Overview of a Zoologists Career
Zoologists are life scientists who study animals, observing them both in the laboratory and in their natural habitat.
They study the origin and development of species, their habits, behaviours and interactions.
They also research the development of animal diseases. Zoologists are sometimes known as animal scientists or animal biologists, as zoology is the branch of biology that relates to the animal kingdom.
Zoology is a wide field offering many career opportunities for research, as there is still a great deal to learn. It offers a way to make a difference to the planet's ecology through conservation work. Most zoologists are employed by colleges and universities, where they undertake research and teach students. Here is a brief summary of some of the main careers available.
- Zookeepers are employed by a zoo or aquarium, where they manage and befriend the animals on display.
- Zoo Curators are responsible for acquiring animals for zoos, either through breeding programs, through purchase from other zoos, or very occasionally from the wild.
- Animal and Wildlife Educators work in a public venue, such as a sanctuary, museum or aquarium, the educator creates a range of materials that help visitors to understand the wildlife they are seeing.
- Wildlife Rehabilitaters care for ill, injured or orphaned wild animals that have been damaged by bush fires, oil spills, or other major disasters. They are responsible for then releasing the animals back into the wild.
- Animal Behaviourists train zoo employees how to interact with and successfully care for animals. They are usually trained in ethology (the study of animal behaviour in natural habitats) and have had direct experience working with animals themselves.
- Conservationist work for conservation agencies, reporting on what is impacting on a particular species' survival or on a region's ecosystem.
- Researchers conduct research in private organisations or in university departments, where they also teach students.
Daily tasks for zoology careers
With such a wide range of different zoology careers, daily tasks vary enormously. Here are a few of the key tasks in some of the roles.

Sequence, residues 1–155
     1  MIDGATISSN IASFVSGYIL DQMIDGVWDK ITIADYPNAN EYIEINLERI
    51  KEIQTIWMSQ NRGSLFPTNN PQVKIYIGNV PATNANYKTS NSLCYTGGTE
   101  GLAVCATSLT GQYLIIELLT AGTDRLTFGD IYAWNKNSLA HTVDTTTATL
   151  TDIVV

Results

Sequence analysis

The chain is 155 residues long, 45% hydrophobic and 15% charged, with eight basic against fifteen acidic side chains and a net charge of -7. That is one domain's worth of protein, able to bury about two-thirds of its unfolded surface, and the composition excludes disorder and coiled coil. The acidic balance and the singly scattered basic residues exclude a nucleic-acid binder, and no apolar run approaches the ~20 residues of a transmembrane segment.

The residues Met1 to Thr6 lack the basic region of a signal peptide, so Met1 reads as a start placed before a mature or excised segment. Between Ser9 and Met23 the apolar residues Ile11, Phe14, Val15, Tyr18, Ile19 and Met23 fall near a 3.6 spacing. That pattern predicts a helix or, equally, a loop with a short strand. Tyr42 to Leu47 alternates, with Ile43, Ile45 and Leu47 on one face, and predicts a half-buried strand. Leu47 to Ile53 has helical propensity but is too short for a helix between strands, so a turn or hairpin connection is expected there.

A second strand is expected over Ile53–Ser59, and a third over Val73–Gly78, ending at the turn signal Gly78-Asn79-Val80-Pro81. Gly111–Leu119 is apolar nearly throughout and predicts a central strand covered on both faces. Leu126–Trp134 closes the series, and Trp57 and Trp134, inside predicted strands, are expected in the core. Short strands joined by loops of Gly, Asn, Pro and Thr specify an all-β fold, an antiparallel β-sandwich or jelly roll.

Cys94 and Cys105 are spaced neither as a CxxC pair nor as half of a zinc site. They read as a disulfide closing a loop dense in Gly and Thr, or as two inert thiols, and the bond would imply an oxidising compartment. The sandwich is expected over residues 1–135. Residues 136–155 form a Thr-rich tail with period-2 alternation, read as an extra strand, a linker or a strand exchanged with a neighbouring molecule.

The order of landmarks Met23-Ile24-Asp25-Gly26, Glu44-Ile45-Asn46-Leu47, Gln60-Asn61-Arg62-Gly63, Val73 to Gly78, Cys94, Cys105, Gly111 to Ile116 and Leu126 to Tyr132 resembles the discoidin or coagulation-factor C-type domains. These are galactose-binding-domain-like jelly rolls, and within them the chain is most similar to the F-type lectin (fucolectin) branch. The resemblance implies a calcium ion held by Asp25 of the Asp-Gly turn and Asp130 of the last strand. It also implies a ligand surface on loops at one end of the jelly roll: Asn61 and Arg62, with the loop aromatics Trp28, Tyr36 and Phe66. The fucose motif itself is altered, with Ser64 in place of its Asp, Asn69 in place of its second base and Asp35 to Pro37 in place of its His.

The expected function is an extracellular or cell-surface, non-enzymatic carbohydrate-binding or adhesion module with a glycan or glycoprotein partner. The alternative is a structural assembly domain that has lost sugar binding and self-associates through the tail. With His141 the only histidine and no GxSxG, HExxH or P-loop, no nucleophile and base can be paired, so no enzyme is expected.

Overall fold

A zookeeper's role includes:
- Preparing animals' meals.
- Caring for the animals.
- Cleaning enclosures.
- Monitoring and recording behaviour.
- Ensuring that animals are healthy.
- Grooming, exercising and training the animals.
- Talking to visiting groups about the animals; etc.
Amongst other duties, a wildlife educator will:
- Reside at the venue and study, research and explore various intricacies of wildlife behaviour.
- Research and write information to be printed as leaflets, brochures, etc.
- Write information for websites.
- Prepare information for educational visits.
- Design and prepare displays.
- Buy or rear animals for exhibiting; etc.
A researcher will:
- Run experiments.
- Identify new data achieved through research.
- Use data to help solve environmental or health problems.
- Breed and raise specimens.
- Dissect animals and preserve their bodies.
- Use computers, microscopes, and other equipment to analyse and record their findings.
- Prepare collections of preserved specimens or slides for identification and study.
- Research species in their natural surroundings.
- Collect specimens to study in the lab.
- Collect or catalogue species.
- Write papers and give speeches.
- Prepare grant proposals to gain funding; etc.
A rehabilitater will:
- Care for ill, injured or orphaned wild animals and birds.
- Release them back in to their habitat.
- Acquire relevant permits from state and federal wildlife agencies; etc.